There is good news to report on the fate of Pinole Valley High School.
CCT article here.
At the April 13 WCCUSD Board meeting, the Board, by a vote of 3-1-1 approved the new budget, thereby setting the stage for the completion of Pinole Valley High School.
If all goes well the school will be ready for the graduating class of 2019.
I thought long and hard about this important decision.
I had discussions with members of the public and elected officials, the Pinole City Council and members of the School Board, about this critical vote.
As a member of the CBOC I have had a front row seat on all things Bond related.
Our task is to oversee the Bond Program expenditures.
I took everything I knew and felt into consideration.
After crunching the numbers, I reached the conclusion that there was no guarantee that any of the other options offered would decrease the cost of the school, and in fact, the other options would delay this project further and possibly result in little if any cost savings.
In the end, I supported Option A, to increase the budget for the school by approximately 33M, thereby setting the budget for PVHS at approximately $233M.
It is as, I’ve said, a staggering amount of money.
Is this an ideal conclusion? For many, it is not.
I won’t get into the politics of this, I have heard enough political rhetoric and seen too much political theatre and histrionics already.
There was certainly no lack of that at the meeting.
A wise man told me that often politics gets in the way of thoughtful discussion and conversation, yes, indeed.
I also think it is fair and appropriate for WCCUSD staff to bring options to the Board.
Unfortunately that type of long-term and bottom-line thinking and initiative has been lacking and perhaps discouraged for many years.
Former staff members have spoken to me, in confidence, about their frustration and inability to implement cost controls, or adhere to budgets because of political pressures.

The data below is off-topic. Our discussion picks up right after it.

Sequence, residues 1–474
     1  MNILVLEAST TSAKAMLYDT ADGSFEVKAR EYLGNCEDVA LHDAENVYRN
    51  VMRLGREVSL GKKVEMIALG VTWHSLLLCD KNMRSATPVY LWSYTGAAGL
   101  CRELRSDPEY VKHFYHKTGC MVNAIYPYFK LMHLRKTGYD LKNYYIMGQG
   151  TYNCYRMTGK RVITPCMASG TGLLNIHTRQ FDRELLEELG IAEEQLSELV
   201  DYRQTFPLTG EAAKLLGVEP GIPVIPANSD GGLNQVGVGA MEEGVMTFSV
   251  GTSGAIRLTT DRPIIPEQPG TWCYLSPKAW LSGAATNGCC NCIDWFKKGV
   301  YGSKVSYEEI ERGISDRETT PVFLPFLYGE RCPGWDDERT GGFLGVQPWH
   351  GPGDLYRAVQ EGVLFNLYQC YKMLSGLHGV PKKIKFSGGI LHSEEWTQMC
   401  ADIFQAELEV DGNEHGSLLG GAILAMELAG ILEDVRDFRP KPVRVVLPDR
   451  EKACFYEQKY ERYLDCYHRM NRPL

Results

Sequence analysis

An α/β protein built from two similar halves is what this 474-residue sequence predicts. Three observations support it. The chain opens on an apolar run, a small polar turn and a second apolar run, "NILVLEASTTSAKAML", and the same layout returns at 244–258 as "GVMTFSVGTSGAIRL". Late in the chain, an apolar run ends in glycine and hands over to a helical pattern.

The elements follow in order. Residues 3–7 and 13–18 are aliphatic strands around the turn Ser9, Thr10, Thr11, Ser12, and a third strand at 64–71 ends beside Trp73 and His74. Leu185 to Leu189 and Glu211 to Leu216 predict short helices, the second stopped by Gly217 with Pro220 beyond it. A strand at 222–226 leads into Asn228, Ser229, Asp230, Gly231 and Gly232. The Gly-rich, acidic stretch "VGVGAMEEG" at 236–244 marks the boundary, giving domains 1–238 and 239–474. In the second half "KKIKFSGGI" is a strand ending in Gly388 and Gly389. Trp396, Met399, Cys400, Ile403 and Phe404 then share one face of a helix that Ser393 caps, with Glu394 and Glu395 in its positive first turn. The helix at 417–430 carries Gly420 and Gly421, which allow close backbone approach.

A current staff member, Dennis Clay, has put his job on the line to speak out about the Bond Program.
So, I applaud staff for offering options and playing an important role in these decisions.
They are, after all, our experts, the people we hired, they are not contract workers.
It’s an important distinction.
I am pleased that the Board understands that after 16 years, this program must be better managed.
It is time to put a long-term strategy in place.
It is also time that this District learn from the mistakes that have been made.
The District must be held accountable for the Bond Program, its successes and its failures.
Taxpayers must be able to rely on bond measure language that is precise and can be the tracked back to expenditures.
Taxpayers I have spoken to are not willing to “trust” or believe in this District.
It will take major philosophical changes to improve the communities’ relationship with the district.
Leaders must lead.
The Clay Investigation report is tentatively due in August or September.
This comprehensive forensic investigation should tell us how this program has been functioning and what, if any changes, need to be made.
What we need now is a clear strategy to address the very real needs of the remaining schools.
The New Master Plan optimistically identifies $200M to try to meet the needs of some of the 21 schools.
It is in my opinion, akin to putting your finger in your ear to stop a nosebleed.
The Facilities Subcommittee meets today. The Options it will choose to recommend to the full Board will be discussed.
That recommendation will go before the Full Board on April 27.
Once the Board has chosen an option that option will be converted to a plan which will be ratified by the Facilities Subcommittee on May 17 and the full board on May 25.
PVHS will be built, students and parents can look forward to a beautiful new, modern school.
But this School District must hit the reset button and find a way to embrace the needs of all of its students.